Seeking an end to the discrimination that impacts on the daily lives of members of the Travelling Community.

The problems Irish Travellers experience include disadvantage, lack of state help, lack of proper halting sites, harassment and discrimination

Michael McCann is chairman of Minceir Misli, a Traveller rights group based in Dublin. The traditional camping spots for Travellers have been closed or redeveloped. As a result, many Traveller families in Dublin are squeezed into parts of Tallaght, Clondalkin and Coolock. These sites are often far removed from the services and amenities that settled people take for granted. 

Living on the roadside is becoming increasingly difficult.

It's very very, hard to get a camping spot now without pulling into the side and then again there’s no sides.

Mary Stokes and her husband Thomas Stokes manage financially on what they receive from the social welfare. On an average day Thomas sees his family but, 

There’s not very much to look forward day in day out.

Mary Stokes spends the day cooking and looking after her children. In the evening she watches television in her son’s house.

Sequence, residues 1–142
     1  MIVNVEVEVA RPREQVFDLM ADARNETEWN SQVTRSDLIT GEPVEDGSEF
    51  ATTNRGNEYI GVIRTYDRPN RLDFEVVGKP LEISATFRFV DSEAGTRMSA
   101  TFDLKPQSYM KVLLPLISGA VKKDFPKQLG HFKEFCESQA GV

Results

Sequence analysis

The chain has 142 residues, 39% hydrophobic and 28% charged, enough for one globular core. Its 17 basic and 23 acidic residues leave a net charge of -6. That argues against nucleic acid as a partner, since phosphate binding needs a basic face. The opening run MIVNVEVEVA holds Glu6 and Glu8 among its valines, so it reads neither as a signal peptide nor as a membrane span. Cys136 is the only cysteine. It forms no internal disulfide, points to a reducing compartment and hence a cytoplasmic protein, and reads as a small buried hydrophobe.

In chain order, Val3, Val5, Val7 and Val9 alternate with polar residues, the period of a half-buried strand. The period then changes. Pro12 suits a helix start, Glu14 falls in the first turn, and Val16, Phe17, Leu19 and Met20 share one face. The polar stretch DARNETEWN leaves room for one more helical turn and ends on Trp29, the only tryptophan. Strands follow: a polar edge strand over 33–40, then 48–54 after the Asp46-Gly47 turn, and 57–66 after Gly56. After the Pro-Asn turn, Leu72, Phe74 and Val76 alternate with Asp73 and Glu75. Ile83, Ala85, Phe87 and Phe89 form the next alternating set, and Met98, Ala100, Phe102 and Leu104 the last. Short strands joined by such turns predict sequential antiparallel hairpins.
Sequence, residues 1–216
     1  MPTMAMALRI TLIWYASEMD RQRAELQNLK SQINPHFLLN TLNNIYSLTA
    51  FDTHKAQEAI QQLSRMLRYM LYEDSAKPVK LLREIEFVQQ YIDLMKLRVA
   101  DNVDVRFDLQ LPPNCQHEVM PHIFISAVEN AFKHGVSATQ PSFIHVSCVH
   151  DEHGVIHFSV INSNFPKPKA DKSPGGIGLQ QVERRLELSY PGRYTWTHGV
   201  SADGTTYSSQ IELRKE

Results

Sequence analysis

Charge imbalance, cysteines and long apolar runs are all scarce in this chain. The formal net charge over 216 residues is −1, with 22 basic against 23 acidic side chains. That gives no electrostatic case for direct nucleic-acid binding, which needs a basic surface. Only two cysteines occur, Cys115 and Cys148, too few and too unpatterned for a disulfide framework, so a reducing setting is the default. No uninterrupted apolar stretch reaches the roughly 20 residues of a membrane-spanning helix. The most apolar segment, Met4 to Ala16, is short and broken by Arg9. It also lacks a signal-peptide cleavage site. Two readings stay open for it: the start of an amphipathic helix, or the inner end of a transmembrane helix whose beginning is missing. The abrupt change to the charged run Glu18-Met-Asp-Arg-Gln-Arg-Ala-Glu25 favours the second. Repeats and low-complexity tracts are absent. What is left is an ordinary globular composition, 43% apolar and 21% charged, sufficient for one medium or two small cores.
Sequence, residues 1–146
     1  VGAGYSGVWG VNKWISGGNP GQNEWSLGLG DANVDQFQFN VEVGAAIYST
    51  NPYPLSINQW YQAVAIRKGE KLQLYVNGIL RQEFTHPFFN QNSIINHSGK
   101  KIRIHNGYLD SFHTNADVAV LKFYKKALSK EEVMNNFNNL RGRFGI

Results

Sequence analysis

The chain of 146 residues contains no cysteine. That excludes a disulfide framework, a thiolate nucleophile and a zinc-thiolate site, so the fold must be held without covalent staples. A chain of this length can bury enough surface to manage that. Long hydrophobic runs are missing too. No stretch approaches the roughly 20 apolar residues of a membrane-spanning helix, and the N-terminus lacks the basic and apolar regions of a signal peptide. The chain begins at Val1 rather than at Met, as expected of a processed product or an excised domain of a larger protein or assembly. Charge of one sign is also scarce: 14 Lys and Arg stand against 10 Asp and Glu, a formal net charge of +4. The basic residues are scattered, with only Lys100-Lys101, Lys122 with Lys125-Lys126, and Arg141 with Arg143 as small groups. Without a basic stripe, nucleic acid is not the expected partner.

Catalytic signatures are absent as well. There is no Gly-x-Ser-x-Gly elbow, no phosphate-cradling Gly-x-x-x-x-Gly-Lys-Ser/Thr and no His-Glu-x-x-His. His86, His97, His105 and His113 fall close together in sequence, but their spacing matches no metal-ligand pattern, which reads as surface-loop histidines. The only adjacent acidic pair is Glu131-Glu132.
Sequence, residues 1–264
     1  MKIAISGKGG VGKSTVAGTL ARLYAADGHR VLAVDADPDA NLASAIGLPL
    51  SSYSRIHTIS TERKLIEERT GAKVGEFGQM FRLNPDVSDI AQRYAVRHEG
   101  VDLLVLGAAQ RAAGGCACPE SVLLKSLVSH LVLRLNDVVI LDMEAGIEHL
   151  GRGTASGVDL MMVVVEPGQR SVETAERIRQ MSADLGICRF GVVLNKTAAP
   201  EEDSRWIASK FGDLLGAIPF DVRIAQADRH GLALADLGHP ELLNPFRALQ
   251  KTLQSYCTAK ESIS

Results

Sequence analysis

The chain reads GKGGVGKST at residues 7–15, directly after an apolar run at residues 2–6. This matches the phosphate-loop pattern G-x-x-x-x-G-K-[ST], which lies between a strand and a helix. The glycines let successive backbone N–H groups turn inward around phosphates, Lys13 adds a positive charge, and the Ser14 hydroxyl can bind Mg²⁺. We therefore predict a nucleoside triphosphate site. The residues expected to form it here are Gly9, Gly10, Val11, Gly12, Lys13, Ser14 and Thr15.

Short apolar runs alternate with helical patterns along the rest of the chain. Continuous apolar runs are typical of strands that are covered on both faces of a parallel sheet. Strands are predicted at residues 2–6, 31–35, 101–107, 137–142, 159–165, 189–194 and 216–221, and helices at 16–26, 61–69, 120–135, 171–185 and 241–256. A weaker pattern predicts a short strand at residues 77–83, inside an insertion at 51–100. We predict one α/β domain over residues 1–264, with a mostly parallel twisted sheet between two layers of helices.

Travellers do drink, but not if it leaves their home or children short. Michael McCann says Travellers want to have a social life but feel degraded when they are refused a drink.

They’re sick going to pubs that won’t serve them.

Michael Stokes says travellers are frequently blamed for attacks and robberies and this generalisation creates a distrust of all Travellers. He feels he is being judged for crimes he would never dream of committing.

Another attitude settled people have about the Travelling Community is they do not pay rent or taxes, and their vehicles are not taxed or insured. Again, this is not true of all Travellers.

Michael McCann says a Charter for Traveller Rights has been accepted and he is pushing the government to adopt an anti-discrimination act.

An RTÉ News report broadcast on 4 April 1985. The reporter is Peter McNiff.